In many papers, I have spelled out how Islam is diametrically opposed to Economics; for example, see “Islam Versus Economics”. The second generation of Islamic Economists have spent more than three decades overlooking the conflicts and striving to harmonize conventional economics with Islamic teachings, to the extent of even accepting utility maximization as a valid principle. A genuine Islamic economics can be built only if we reject “TheIllusion of Scarcity” as a foundational principle of economics. Instead, the first priority of an Islamic economic system would be to provide for the basic needs for all members of the society, and ensure access to equal opportunities for education for all. Making these the CENTRAL problems of economics would lead to a radically different kind of economics, which would justify a distinct and distinguishing name like “Islamic Economics”.
To summarize — if we wish to create an “ISLAMIC ECONOMICS” then the FOUNDATIONS for the discipline must come from Quran and Hadeeth. Current versions of second generation Islamic Economics have foundations in Samuelson, and trimmings from Islamic ideas — this approach is not acceptable. I think Dr Mabid Al-Jarhy’s proposed syllabus also falls into this category. How we can create a discipline which is founded on Islamic teachings is spelled out in my papers on Re-Defining Islamic Economics, and in Reviving the Promise of Islamic Economics. Modern Economic theory is DEEPLY FLAWED. If we have the COURAGE to do so, we can launch a revolution. Just as Islamic teachings created a revolution 1400 years ago, they have exactly the same potential today. However, today unfortunately, islam has become a stranger, and the Ummah is crawling into lizard-holes after the Christians and Jews.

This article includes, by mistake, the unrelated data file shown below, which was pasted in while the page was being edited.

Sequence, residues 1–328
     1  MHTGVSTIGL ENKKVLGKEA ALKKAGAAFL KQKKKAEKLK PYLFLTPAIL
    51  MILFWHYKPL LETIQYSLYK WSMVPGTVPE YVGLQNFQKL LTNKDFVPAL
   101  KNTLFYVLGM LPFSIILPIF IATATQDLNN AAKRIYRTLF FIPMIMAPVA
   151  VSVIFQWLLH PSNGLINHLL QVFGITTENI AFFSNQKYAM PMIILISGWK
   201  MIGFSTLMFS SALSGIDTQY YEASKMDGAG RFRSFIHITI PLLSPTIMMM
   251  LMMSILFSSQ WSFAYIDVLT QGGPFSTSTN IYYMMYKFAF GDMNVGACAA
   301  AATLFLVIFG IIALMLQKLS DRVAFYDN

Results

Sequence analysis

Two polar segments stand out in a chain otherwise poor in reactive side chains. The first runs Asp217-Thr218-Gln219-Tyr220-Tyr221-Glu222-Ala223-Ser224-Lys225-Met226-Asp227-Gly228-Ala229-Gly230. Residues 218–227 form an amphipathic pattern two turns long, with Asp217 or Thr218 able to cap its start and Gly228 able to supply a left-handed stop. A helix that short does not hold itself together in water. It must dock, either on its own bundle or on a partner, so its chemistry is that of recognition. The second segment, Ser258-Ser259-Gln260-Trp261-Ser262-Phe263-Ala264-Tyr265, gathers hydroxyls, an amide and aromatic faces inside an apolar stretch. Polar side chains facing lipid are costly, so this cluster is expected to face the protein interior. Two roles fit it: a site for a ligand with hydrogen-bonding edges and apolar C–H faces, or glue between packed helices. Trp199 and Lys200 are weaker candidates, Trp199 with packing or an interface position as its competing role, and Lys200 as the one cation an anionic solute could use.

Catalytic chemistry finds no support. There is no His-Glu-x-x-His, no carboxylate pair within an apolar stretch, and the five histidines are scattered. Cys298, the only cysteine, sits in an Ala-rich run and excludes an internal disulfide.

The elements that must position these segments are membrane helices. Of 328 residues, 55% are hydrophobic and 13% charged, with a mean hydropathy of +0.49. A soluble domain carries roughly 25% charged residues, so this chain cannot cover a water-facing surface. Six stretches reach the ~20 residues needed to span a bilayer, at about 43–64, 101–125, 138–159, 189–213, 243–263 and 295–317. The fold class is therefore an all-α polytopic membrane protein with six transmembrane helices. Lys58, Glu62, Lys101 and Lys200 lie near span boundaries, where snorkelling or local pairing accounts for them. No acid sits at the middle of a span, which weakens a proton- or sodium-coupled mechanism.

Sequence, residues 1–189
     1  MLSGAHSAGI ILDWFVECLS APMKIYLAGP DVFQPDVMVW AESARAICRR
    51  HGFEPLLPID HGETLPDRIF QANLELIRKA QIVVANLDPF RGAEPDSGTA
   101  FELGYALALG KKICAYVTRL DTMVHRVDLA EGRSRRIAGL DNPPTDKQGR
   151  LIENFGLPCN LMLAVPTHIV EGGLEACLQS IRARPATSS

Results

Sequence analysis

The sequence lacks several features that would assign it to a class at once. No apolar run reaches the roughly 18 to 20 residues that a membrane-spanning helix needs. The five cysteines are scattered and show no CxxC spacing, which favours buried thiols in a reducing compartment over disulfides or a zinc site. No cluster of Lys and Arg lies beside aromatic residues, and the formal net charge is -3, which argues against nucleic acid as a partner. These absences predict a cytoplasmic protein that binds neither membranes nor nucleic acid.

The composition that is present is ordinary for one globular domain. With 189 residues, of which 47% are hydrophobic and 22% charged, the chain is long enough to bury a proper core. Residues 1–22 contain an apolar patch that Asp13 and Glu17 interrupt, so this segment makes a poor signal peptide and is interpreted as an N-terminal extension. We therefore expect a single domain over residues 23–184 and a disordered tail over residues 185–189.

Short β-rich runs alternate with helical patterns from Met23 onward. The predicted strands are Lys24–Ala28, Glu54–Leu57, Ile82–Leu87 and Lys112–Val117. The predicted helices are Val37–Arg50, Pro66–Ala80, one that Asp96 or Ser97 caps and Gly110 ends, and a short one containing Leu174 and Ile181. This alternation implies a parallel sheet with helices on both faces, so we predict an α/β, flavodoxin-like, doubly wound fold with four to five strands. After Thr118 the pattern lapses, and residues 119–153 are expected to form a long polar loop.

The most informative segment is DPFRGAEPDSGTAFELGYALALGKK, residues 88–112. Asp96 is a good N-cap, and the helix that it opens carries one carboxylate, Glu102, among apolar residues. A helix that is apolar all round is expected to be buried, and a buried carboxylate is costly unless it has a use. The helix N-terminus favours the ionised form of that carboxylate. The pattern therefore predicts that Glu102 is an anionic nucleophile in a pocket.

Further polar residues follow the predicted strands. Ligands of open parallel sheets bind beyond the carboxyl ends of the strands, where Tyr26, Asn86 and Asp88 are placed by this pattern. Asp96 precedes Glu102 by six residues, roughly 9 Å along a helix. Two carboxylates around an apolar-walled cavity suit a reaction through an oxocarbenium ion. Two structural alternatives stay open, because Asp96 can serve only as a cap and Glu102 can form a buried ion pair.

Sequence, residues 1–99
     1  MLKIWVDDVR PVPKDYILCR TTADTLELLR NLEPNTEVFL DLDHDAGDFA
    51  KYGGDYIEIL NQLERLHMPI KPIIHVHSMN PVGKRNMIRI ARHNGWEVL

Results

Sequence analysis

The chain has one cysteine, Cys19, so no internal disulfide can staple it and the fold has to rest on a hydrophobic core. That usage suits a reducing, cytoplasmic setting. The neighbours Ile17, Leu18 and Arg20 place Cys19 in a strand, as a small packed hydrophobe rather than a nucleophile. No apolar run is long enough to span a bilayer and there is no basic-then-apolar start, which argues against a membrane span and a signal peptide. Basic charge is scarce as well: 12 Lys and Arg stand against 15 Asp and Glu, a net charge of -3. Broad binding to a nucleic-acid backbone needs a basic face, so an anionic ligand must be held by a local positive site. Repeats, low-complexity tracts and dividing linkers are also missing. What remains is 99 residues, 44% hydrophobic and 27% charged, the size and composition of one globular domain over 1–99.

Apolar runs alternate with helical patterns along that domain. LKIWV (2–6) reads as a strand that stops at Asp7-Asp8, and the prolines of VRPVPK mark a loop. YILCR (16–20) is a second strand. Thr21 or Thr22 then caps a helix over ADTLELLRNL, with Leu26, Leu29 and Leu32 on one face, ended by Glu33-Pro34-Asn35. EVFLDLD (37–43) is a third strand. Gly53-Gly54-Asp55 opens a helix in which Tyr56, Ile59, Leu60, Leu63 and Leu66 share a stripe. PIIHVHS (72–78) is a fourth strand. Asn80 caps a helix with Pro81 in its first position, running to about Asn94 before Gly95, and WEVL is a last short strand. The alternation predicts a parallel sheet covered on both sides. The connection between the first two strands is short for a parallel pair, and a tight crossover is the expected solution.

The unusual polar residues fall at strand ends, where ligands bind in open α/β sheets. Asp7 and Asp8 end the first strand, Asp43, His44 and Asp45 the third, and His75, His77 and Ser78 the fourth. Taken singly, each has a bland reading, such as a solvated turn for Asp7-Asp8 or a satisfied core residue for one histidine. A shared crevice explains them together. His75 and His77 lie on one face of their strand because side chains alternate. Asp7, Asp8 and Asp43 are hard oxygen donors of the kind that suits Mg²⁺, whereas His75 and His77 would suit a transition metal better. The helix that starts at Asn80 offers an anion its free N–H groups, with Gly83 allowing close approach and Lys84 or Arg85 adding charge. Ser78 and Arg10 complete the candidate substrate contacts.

PS: I have taken the liberty of adding a few names whom I thought would be interested in this discussion. Furthermore, the issues under discussion are of universal interest, wherever Islamic Economics is being taught. So I have copied the first twenty emails into a webpage linked below, and hope to update it later, so that a record is available for use by others. The link to the history of this email conversation is as follows: